Newcastle actor Susie Porter on genre-defying new SBS drama Hungry Ghosts

NEW ROLE: Porter plays archaeologist Catherine Taylor in Hungry Ghosts.
NEW ROLE: Porter plays archaeologist Catherine Taylor in Hungry Ghosts.

Susie Porter was instantly intrigued when handed the script for a promising new SBS drama series called Hungry Ghosts.

Set in contemporary Melbourne during the month of the Hungry Ghost Festival, it tells the story of three generations of Vietnamese-Australian families haunted by the traumatic events of war.

"Hungry Ghosts, at its essence, is about people who have suffered a trauma in their life and while they thought the trauma had been dealt with, it resurfaces in the present," producer Stephen Corvini says.

"The manifestation of that trauma is a ghost. In each case, the person who has had the trauma has never told anyone and the ghost takes them back to what happened originally.

"The show is genre bending - it blends horror and supernatural with human stories of families and generational drama. It's a story about modern Australia, a community made up of people from every nation on earth."

TALENT: Catherine Van-Davies as May Le and Suzy Wrong as Roxy.

TALENT: Catherine Van-Davies as May Le and Suzy Wrong as Roxy.

Porter knew she had to be involved. She plays the role of archaeologist Catherine Taylor in a cast that includes Catherine Van-Davies, Jillian Nguyen, Bryan Brown, Clare Bowen, Gareth Yuen, Suzy Wrong and Ryan Corr.

The Hungry Ghost Festival is a traditional Buddhist and Taoist festival held on the 15th night of the seventh month in the lunar calendar when the gates of hell are said to open and ghosts are free to roam the earth. Many of these ghosts are believed to have died without being given a proper ritual burial and therefore remain lost, wandering souls. To appease them, family members offer prayers and food and drink to their deceased relatives, burn fake bank notes and other forms of votive gifts.

Fourteen days after the festival, to make sure all the hungry ghosts find their way back to hell, people float lanterns on lakes or down rivers. The lanterns direct the ghosts back to the underworld, and when they extinguish, it symbolises that the dead have found their way back.

In Hungry Ghosts, a powerful amulet is broken on the eve of the Hungry Ghost Festival in Melbourne and a vengeful spirit is unleashed, bringing the dead with him. May Le (Van-Davies) must fight the malevolent spirit who seeks to corrupt her and torment the community.

Only by discovering her true heritage and genuine self can she help to heal a community still afflicted by the anguish of a lost homeland.

"When I read the script I realised I hadn't seen anything like this before on Australian television," Porter says.

"That always attracts me to a project. Also, I love the horror genre so to play an archaeologist who is suddenly possessed by a demon - well, how could you say no to that?"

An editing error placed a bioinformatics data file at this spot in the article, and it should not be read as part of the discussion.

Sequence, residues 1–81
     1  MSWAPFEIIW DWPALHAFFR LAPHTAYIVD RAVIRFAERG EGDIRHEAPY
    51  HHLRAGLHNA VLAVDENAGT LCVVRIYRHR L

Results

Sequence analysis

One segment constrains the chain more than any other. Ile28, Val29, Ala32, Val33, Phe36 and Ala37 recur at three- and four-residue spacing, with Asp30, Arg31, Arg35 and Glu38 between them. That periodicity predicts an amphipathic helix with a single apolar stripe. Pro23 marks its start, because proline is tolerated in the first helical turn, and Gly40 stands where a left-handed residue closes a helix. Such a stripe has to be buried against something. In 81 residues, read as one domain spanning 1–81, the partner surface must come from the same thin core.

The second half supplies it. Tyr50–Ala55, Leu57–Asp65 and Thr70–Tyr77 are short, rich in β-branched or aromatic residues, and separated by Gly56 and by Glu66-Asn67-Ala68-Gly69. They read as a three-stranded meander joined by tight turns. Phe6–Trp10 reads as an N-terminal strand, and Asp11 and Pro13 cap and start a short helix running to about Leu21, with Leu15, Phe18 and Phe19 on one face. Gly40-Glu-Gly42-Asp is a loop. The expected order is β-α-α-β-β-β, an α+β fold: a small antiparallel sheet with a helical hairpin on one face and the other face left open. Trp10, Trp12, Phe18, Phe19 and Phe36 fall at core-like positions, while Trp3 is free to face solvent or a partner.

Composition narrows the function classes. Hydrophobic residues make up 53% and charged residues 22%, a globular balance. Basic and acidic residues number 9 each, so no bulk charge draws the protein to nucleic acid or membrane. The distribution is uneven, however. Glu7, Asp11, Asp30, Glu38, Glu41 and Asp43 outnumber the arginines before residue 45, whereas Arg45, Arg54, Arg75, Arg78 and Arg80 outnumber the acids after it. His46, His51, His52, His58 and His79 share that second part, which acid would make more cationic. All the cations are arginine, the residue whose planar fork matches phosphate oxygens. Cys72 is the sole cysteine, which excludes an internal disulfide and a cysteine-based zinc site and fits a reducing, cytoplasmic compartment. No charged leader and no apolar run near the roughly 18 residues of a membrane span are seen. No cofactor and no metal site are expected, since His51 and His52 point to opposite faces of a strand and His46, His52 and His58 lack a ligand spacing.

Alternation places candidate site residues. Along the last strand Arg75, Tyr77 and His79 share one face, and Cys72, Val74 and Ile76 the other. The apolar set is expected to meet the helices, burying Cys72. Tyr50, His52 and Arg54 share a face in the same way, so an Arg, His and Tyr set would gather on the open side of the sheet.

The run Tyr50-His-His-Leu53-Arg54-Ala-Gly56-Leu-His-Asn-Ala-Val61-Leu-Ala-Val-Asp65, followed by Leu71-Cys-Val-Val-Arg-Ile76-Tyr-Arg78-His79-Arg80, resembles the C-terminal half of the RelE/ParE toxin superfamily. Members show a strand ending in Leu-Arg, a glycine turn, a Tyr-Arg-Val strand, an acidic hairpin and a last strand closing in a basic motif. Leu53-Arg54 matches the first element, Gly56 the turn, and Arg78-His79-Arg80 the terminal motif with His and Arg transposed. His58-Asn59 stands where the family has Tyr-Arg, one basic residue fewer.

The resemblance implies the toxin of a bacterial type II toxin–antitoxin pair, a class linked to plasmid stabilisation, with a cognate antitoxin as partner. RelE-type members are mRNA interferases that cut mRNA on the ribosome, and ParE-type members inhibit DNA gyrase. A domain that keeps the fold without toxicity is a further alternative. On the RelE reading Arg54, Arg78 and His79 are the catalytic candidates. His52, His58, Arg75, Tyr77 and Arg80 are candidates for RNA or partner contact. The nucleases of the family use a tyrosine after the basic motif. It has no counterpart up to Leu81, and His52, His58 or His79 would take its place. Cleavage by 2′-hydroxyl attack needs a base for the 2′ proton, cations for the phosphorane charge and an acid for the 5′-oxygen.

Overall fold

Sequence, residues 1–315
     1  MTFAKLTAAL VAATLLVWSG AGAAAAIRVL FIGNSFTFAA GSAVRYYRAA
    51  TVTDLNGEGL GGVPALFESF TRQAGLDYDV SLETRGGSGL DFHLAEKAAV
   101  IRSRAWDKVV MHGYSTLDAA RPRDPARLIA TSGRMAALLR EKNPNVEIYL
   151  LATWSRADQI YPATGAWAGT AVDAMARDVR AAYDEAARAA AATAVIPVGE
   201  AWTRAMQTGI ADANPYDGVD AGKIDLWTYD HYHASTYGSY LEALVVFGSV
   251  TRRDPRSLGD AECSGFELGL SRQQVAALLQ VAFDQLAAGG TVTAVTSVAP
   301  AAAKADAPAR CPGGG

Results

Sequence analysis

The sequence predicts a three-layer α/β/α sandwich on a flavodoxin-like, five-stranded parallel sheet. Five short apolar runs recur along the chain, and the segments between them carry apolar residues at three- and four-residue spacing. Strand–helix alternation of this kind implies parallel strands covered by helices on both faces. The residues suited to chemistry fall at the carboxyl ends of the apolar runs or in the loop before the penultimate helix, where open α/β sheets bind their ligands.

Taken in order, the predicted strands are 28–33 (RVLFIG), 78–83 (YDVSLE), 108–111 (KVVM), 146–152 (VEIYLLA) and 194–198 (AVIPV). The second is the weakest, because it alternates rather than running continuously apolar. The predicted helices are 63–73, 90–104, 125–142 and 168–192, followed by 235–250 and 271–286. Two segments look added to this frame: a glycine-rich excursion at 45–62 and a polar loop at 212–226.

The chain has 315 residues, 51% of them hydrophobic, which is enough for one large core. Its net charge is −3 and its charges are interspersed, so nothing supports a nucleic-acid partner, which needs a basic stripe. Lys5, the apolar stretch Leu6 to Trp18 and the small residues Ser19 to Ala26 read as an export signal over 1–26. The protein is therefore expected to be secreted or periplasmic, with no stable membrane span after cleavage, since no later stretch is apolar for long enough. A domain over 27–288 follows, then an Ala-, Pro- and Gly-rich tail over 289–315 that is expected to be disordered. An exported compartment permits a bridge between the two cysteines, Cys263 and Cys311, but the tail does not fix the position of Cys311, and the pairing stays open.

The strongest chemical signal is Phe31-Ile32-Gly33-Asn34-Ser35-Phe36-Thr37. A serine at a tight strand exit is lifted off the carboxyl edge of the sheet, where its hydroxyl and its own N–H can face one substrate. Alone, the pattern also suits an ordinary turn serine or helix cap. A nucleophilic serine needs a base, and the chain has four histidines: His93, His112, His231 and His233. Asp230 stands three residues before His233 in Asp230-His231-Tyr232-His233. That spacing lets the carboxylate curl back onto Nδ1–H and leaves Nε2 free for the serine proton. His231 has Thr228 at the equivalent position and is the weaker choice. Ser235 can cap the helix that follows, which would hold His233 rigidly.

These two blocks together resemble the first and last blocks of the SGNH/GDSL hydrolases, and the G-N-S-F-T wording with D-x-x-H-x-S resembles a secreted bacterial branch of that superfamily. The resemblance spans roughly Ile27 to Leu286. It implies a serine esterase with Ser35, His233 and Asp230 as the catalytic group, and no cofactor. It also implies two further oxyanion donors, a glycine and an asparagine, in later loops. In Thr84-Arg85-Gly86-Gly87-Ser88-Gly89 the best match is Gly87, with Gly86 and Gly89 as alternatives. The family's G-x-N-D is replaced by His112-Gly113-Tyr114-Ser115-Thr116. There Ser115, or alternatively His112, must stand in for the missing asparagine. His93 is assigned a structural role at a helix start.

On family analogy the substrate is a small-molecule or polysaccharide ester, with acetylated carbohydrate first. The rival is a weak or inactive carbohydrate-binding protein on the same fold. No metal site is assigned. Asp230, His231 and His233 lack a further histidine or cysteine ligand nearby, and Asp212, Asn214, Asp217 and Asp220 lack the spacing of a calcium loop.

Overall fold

Porter was born in Newcastle and attended Newcastle Grammar School and the University of Newcastle. There, she started acting in theatre productions, loved it, and successfully auditioned to study at The National Institute of Dramatic Art (NIDA) in Sydney.

UNIQUE: Susie Porter is one of the stars of Hungry Ghosts, an intriguing new SBS series that premieres on August 24. Picture: Sarah Enticknap

UNIQUE: Susie Porter is one of the stars of Hungry Ghosts, an intriguing new SBS series that premieres on August 24. Picture: Sarah Enticknap

Her list of film and television credits include Little Fish, Two Hands, Puberty Blues, The Secret Life of Us, Paradise Road, Ladies in Black, RAN: Remote Area Nurse, Hounds of Love, Better Than Sex and Cargo.

Most recently, Porter gained a new generation of fans as notorious drug trafficker Marie Winter in popular prison drama Wentworth. She has won multiple AFIs, IF Awards and Logie Awards, and is in Melbourne filming season nine of Wentworth when we speak.

"I feel really grateful to be part of that show - I always loved Prisoner as a child," she says.

"With Hungry Ghosts, it was nice not to be the lead. It means you don't have to worry about carrying anything or anyone and you can relax and enjoy the ride.

"Also, it was a great way to showcase some very talented Vietnamese actors whose names we may not be familiar with."

Hungry Ghosts writer and producer Timothy Hobart spent a lot of time researching epigenetics - the idea of inherent trauma - when putting the story together. He also spoke to people who had lived through the trauma of the Vietnam War, or whose parents had.

"It really fascinated me. I wanted to find a way to explore [epigenetics] so I began looking at the idea of intergenerational trauma and thinking about the events that might create that," he explains.

"The exodus of the Vietnamese diaspora after the collapse of Saigon had always interested me so I looked further into that.

"Marrying that with a ghost story came from the idea of 'hidden trauma' and our use of language and how we describe that past trauma.

"It was very important for the project to bring in Vietnamese Australian writers and storytellers such as Koa Pham, Alan Nguyen, Jeremy Nguyen and Michelle Lee."

Director Shawn Seet had been waiting his whole career, he says, for a script "that primarily dealt with an Asian topic".

"It had something really profound to say and at the same time was a great story. Hungry Ghosts really celebrates the inclusion of Asian culture in Australia," he says.

Hungry Ghosts can be streamed at SBS on Demand.

This story Susie Porter couldn't say no to Hungry Ghosts first appeared on Newcastle Herald.